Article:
Morgan E. Pietz, a Manhattan Beach, California attorney who represents John Doe defendants, and who was awarded $76,752.52 of the sanctions award for his fees and costs, described Prenda Law as "the courtroom equivalent of a common bully". Pietz credited the efforts of "a number of attorneys all over the country [who helped] unravel the puzzle pieces and reveal [Prenda Law] for what they are, profiteering copyright trolls who are abusing the law".
Attorney John Steele, who denies having any "ownership interest" in Prenda Law, told Adult Video News that "he has faith in the appellate process" and complained that his attorneys were not permitted to present "evidence or testimony". He denied ever practicing law in California, and claimed he had "satisfied" previous inquiries from the Illinois State Bar.
Steele said Livewire Holdings, identified by Judge Wright as being a member of the Prenda family, “is filing multiple new cases this week (the week of May 6, 2013)".
Prenda, and attorney Paul Hansmeier, filed an "emergency motion" in the U.S. Court of Appeals for the Ninth Circuit seeking a stay of Judge Wright's sanctions order; it was denied without prejudice to the sanctioned parties' right to request a stay in Judge Wright's court. They then filed an ex parte motion seeking a stay from Wright. On May 21, 2013, Wright responded by ordering each sanctioned party ("Steele, Duffy, Hansmeier, Gibbs, AF Holdings, Ingenuity 13, and Prenda") to pay an additional $1,000 per day (to the clerk of the court), on top of the previously ordered $81,319.72 payable to John Doe's attorneys, until all sanctions are fully paid.
Hansmeier's application for admission to the bar of the Ninth Circuit was also denied, at least for now, by a court commissioner who cited Hansmeier's "referral to the Minnesota State Bar and to the Central District of California Standing Committee on Discipline, based on [Judge Wright's] finding of moral turpitude". Hansmeier, who had sought admission to the Ninth Circuit bar in order to represent his wife in her objection to a class-action settlement, was told he may not do so.
On May 20, 2013, attorneys Steele, Hansmeier, and Duffy secured and posted a bond of $101,650 on behalf of themselves, Prenda Law Inc., Ingenuity 13 LLC and AF Holdings LLC, to guarantee payment of Judge Wright's sanctions order if upheld on appeal. The bond doesn't cover Gibbs, who claims he is indigent and has brain cancer. The amount of the bond was later raised to a total of $237,584 to cover a possible attorney fee award on appeal; the Prenda parties' appeal of this order was denied, 2-1, by a three-judge Ninth Circuit motions panel. The increased bond must be filed by July 15, 2013.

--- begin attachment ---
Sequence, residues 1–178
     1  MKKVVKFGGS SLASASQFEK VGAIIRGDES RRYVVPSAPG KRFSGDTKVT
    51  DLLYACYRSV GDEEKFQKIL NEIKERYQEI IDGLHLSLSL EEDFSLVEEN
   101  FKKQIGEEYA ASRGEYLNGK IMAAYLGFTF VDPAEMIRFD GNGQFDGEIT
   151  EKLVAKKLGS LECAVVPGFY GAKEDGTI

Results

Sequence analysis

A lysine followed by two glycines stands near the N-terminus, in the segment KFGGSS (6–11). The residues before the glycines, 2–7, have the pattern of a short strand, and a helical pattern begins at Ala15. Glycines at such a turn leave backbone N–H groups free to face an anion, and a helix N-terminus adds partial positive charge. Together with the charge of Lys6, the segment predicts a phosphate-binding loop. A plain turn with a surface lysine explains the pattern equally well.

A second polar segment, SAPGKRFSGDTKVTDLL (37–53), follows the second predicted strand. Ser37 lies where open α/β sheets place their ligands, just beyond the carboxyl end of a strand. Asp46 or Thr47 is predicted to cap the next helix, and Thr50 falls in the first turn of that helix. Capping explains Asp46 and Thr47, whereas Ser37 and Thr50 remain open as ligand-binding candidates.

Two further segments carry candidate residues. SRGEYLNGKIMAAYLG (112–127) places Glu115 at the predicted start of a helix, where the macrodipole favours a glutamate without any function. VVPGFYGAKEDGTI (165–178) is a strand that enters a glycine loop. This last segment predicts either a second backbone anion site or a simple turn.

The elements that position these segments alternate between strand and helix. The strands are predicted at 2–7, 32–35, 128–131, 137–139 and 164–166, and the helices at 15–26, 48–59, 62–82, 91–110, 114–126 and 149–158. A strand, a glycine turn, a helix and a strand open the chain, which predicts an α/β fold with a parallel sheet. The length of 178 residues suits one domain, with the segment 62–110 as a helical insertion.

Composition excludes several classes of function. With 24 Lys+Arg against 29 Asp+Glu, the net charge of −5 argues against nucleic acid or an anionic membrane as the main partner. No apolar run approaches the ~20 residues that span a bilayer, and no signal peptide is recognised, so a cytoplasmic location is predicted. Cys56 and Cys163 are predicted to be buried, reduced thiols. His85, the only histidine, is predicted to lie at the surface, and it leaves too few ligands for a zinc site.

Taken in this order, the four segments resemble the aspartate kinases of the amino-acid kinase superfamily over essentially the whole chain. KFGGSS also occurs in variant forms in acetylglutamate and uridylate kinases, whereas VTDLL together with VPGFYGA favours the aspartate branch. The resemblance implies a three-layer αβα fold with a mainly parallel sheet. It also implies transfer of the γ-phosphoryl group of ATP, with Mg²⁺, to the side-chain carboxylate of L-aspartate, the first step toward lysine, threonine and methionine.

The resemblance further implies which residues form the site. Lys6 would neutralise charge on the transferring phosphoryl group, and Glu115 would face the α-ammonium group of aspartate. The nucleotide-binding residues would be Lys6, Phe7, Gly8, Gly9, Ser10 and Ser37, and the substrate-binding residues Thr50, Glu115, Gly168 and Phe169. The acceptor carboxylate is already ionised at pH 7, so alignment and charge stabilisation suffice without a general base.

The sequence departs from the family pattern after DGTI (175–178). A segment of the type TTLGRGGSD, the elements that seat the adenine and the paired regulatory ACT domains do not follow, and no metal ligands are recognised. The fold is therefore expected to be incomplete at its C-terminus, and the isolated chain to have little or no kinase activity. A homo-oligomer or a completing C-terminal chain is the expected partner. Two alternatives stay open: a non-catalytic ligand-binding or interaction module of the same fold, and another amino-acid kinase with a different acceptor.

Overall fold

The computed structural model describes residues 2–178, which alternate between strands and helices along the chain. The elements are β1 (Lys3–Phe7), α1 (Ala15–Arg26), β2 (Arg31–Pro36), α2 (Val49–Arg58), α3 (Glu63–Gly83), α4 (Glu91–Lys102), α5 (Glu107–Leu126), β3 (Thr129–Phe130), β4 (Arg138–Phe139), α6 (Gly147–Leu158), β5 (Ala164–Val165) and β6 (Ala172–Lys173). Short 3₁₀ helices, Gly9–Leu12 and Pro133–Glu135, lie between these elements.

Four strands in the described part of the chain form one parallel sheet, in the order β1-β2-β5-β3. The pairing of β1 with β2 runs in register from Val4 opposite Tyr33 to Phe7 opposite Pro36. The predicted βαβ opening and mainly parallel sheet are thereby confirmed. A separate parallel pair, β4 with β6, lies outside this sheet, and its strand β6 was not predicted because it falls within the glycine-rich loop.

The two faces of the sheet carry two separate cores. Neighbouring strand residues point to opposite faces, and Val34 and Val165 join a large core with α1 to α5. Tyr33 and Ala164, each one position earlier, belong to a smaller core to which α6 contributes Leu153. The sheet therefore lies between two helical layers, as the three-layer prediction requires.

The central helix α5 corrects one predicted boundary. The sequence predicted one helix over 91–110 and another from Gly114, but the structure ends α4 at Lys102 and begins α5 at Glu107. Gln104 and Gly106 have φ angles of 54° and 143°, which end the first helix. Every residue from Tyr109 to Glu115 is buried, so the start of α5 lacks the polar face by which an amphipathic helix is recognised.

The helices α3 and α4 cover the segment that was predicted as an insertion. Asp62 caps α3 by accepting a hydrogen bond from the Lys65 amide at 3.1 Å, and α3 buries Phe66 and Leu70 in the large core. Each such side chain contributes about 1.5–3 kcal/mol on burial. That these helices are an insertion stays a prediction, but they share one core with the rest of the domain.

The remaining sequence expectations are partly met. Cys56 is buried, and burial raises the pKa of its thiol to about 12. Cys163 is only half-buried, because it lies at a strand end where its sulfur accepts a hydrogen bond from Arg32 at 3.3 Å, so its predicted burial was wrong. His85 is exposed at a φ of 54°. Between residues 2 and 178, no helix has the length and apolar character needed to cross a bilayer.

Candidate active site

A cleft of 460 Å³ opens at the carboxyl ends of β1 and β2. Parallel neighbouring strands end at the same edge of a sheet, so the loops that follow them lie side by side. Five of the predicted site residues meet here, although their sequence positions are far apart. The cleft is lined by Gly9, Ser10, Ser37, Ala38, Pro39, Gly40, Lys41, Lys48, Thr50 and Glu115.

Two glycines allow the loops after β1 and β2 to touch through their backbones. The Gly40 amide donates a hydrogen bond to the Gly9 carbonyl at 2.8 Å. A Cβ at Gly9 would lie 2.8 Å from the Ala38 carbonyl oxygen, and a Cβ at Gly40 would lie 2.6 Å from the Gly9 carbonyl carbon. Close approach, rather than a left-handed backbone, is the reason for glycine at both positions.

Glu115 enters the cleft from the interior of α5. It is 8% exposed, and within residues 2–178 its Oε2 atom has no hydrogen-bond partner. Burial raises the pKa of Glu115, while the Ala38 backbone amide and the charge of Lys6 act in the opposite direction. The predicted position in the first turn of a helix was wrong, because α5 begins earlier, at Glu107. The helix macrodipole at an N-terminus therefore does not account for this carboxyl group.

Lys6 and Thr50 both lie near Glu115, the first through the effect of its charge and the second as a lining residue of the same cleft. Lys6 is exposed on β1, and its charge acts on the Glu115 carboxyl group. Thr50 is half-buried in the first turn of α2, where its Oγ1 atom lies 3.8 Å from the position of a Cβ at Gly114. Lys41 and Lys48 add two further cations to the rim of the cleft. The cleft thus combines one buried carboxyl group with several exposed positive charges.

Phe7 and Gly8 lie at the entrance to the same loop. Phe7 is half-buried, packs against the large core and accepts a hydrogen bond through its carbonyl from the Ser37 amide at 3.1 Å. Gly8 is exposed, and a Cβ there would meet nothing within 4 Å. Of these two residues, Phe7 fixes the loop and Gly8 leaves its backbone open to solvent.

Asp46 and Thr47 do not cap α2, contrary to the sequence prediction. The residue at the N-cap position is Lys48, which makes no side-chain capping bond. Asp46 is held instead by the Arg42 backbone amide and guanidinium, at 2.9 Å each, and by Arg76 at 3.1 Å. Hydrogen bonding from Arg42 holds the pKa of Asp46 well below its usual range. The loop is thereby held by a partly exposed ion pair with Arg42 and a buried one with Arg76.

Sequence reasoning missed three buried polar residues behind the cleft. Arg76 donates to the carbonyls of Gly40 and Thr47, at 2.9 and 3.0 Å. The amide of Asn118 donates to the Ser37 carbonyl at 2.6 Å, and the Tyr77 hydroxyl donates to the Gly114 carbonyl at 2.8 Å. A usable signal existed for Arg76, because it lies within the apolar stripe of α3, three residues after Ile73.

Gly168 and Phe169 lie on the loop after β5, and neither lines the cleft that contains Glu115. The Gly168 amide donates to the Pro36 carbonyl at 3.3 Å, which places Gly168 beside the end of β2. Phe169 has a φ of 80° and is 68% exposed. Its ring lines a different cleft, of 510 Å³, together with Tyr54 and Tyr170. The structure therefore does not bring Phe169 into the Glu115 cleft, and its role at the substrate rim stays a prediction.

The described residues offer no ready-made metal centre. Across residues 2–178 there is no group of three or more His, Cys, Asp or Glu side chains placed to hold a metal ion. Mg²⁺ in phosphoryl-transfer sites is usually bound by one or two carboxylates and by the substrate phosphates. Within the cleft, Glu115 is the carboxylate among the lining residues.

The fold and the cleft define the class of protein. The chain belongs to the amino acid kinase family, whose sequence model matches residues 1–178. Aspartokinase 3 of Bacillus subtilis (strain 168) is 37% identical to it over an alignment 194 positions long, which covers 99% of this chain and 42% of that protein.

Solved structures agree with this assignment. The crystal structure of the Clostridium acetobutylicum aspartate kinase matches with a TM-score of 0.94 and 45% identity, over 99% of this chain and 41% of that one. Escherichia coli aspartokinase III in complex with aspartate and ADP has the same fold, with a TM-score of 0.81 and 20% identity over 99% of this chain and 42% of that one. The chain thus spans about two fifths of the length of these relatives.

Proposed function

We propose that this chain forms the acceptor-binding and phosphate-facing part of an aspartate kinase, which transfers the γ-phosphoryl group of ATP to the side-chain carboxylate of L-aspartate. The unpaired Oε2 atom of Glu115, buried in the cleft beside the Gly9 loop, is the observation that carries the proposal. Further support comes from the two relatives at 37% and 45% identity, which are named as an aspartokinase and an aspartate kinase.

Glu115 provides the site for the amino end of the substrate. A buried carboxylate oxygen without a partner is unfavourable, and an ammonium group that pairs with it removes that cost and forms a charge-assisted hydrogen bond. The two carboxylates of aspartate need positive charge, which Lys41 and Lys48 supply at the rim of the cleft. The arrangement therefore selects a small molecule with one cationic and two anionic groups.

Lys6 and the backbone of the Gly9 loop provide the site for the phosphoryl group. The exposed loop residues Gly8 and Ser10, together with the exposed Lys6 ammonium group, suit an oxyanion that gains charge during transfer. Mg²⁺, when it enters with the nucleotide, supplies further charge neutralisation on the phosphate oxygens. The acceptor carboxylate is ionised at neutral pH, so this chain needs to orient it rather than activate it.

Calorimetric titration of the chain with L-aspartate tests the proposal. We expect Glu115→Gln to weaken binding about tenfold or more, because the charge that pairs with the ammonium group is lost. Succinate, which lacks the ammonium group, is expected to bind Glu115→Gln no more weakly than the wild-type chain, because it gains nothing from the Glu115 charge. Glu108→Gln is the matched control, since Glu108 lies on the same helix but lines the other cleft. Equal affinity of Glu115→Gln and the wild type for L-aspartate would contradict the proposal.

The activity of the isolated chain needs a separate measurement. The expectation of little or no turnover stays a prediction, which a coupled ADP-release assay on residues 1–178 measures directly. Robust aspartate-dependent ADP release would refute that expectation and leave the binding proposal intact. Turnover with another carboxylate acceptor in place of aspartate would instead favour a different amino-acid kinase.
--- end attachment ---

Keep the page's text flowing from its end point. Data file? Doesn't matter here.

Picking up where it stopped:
On July 12, 2013, attorney Steele's bid to reconsider the original sanctions order, and for sanctions against attorney Pietz, was met with skepticism by Judge Wright. Among Steele's claims was that he never received notice of the original sanctions hearing. "You're getting all the due process you can stand", said Wright. Steele remarked that "this is an appellate issue", to which Wright retorted, “They’ve got a reserved parking spot for you at the Ninth Circuit. Raise your voice again and I’m going to introduce you to the United States Marshals".
At an unusual November 27, 2012 hearing (see transcript) before U.S. District Judge Mary S. Scriven of the Middle District of Florida, paralegal Mark Lutz claimed to be a "corporate representative" of Prenda's "client" "Sunlust Pictures." However, when placed under oath and questioned by Judge Scriven, Lutz could not name any of Sunlust's officers or directors, nor could he recall who signs his paychecks. Scriven stated she would entertain a motion for sanctions against Prenda and its attorneys for "attempted fraud on the Court". Defendant Tuan Nguyen, represented by attorney Graham Syfert, filed multiple motions for sanctions which were withdrawn with prejudice on May 20, 2013.
On June 3, 2013, in another Florida case, attorney Syfert filed a declaration by expert witness Delvan Neville which accused Prenda Law of "seeding" its own content in an effort to induce copyright infringement. Neville's declaration presented digital forensic evidence that someone with access to the GoDaddy.com account of John Steele was also sharing pornographic content through Pirate Bay user "sharkmp4". In response to the declaration, The Pirate Bay released logs of the user "sharkmp4" which further confirmed the claims in the declaration. Syfert concluded: "Prenda Law's business structure is such that it is copyright-violating pirate, forensic pirate hunter, and attorney. It also appears that Prenda Law also wants to/has formed/is forming a corporate structure where it is: pornography producer, copyright holder, pornography pirate, forensic investigator, [law] firm, and debt collector."